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5 Tips for Teaching Kids to Say No to Drugs

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“Just say no to drugs.” This message has been used so much over the years that many teens simply tune out whenever they hear another lecture beginning this way. Parents need to be more creative these days in keeping their kids off drugs, but for many parents, this task seems overwhelming. How do you get your kids to listen to you about things like drugs when it is hard enough to get them to listen to you about what kind of clothes they should wear? It might take a little contemplation and hard work, but it can be done. Here are some guidelines to keeping your kids off drugs and alcohol.

1.       Know what they do. Stay involved in your child’s life as they get older, and make sure they are supervised by you or another responsible adult. Don’t assume that just because they are legally old enough to be home alone, that they are ok being left for hours at a time. Kids that come home from school to an empty house will find ways to keep themselves busy, and this is when many of them start experimenting with drugs or alcohol.

2.       Know their interests. Not only will this help you know if your child is trying something harmful, but it will also help you build a healthy relationship with your teen. Get to know what kind of music they like, what their favorite tv show is all about, how they feel about the latest news stories. Sharing moments with them and listening to your child will teach you a lot about why they do what they do. Once there is a solid bond between parent and child, the say-no-to-drugs-talk will be much easier.

3.       Build their self-esteem. Help your child find something they are good at, give them encouragement and praise, and let them know you love them and are proud of them no matter what. A confident teen that knows that drugs can mess up their life will be more likely to stay away from them.

4.       Teach them how to say no. It might seem like enough to tell them to say no, but have you ever put yourself in their shoes? Think of your teen, surrounded by a group of friends that are all smoking pot, and if they don’t try it too, they will be the outcast. It is a very difficult thing to just say no. Instead, equip your teen with other things they can say to get out of this kind of situation. They could suggest other things to do (go to a movie, play a video game), they could say “I’m not into that”, or they could leave and find some other friends to hang out with.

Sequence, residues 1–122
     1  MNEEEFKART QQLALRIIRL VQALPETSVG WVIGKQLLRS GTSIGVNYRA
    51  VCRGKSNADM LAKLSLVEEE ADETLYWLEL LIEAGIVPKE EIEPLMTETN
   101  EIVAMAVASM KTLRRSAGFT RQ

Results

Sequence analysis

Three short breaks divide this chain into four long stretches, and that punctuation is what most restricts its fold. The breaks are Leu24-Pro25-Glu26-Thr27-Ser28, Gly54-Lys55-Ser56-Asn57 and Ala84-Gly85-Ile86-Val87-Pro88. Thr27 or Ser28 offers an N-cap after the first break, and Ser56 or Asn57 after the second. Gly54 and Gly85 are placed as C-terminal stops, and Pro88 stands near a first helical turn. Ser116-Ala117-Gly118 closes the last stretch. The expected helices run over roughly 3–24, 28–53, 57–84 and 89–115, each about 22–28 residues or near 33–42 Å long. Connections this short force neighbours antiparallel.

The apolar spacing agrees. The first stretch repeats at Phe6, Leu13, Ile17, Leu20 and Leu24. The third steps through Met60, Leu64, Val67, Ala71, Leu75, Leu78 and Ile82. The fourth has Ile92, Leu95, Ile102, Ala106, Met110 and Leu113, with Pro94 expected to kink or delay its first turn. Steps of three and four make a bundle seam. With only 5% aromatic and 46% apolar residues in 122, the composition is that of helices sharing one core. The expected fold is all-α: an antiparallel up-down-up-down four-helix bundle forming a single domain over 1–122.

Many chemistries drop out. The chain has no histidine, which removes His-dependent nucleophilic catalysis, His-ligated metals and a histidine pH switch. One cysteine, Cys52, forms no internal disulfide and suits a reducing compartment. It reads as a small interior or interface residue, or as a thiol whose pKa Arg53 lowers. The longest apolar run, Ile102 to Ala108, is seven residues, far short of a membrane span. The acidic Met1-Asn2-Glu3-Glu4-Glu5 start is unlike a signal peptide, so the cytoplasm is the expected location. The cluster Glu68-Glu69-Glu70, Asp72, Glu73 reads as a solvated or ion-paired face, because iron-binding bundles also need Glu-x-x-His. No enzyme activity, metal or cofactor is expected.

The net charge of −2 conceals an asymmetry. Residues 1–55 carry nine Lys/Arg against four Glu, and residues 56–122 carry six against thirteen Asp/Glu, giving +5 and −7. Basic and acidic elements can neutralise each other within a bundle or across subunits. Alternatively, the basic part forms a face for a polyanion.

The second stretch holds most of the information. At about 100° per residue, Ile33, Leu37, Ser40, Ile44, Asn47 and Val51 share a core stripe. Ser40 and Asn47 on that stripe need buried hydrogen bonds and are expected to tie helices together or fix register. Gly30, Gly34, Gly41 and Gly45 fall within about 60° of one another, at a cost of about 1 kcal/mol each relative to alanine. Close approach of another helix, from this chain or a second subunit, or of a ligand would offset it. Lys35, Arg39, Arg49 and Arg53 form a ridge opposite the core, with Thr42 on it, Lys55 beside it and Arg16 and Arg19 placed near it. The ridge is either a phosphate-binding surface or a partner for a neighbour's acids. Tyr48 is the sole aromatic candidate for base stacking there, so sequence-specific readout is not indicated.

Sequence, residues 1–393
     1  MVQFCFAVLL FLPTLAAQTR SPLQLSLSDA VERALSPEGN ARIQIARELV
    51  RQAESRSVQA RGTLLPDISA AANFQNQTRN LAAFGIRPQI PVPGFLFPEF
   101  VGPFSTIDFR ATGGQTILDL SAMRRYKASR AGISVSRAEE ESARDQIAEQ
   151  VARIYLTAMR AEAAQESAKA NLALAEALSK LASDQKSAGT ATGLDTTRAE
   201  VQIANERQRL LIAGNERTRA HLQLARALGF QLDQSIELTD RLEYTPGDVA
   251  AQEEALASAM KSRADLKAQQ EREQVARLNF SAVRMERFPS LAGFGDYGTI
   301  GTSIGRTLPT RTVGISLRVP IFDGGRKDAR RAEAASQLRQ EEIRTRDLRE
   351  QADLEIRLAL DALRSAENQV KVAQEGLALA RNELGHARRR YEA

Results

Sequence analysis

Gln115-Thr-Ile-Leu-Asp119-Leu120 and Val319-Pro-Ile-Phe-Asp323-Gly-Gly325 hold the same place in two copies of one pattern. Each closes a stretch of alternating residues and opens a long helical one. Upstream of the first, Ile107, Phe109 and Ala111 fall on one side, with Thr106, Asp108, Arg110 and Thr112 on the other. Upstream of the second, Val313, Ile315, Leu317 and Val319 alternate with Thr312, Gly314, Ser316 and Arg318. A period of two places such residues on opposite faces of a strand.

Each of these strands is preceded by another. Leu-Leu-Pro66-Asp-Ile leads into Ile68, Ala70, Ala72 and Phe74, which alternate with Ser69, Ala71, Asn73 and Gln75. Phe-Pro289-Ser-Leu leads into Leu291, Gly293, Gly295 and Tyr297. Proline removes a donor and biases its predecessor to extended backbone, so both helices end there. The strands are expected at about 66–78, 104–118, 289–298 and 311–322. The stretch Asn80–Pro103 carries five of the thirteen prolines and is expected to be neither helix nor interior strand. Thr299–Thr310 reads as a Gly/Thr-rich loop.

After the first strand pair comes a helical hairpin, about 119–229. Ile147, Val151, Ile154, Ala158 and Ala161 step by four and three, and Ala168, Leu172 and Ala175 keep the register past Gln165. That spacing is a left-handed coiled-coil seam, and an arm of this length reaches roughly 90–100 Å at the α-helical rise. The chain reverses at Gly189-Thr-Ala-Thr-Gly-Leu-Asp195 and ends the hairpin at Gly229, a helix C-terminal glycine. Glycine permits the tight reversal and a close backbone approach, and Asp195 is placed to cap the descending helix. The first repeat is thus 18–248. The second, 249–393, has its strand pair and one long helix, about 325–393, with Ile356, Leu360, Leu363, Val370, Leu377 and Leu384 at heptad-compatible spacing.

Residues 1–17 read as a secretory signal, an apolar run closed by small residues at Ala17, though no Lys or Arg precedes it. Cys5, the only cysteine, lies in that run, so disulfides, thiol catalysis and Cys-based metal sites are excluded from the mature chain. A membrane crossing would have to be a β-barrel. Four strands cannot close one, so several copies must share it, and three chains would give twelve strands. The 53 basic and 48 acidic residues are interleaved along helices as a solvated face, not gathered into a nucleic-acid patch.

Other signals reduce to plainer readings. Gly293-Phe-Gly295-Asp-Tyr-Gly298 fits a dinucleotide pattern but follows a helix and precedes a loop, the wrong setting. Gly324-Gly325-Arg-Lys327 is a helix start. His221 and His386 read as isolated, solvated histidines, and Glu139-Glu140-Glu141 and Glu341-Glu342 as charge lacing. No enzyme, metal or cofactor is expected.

5.       Be a good role model. Keep yourself away from drugs and drunkenness. Teens do look up to their parents and will follow their actions more than words. Let them see you taking care of your body and following healthy habits.

It’s not enough these days to teach teens to just say no. Find ways to get to know your child and gain their respect, and then have talks with them that equip them with tools to stay away from drugs.

Sources

http://drugfree.org

http://prevention.samhsa.gov/about/default.aspx

http://www.jointogether.org/

http://www.aap.org/family/subabuse.htm

http://www.reuters.com/article/pressRelease/idUS110568+14-Sep-2009+PRN20090914

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Bethany Winkel

This article was written by Bethany Winkel

Joining the TSN online family in 2008, Bethany has used her skills as a writer to reach many people through her blog. Always eager to be a help to others, she is pleased to see her writing become a source of information, encouragement, and hope for those impacted by substance abuse. Bethany is happy to be involved with an organization that is making a difference in the lives of others. Bethany has also held the position of development coordinator for a nonprofit youth center for the past 6 years. With her expertise in grant writing, Bethany has raised over $1 million for programming that benefits at-risk youth. The happy mother of 4 young children, Bethany juggles her writing from home with spending time with her family. If her hours of research for her TSN blog articles have taught her one thing, it is to be an involved parent who takes time to listen to her kids.

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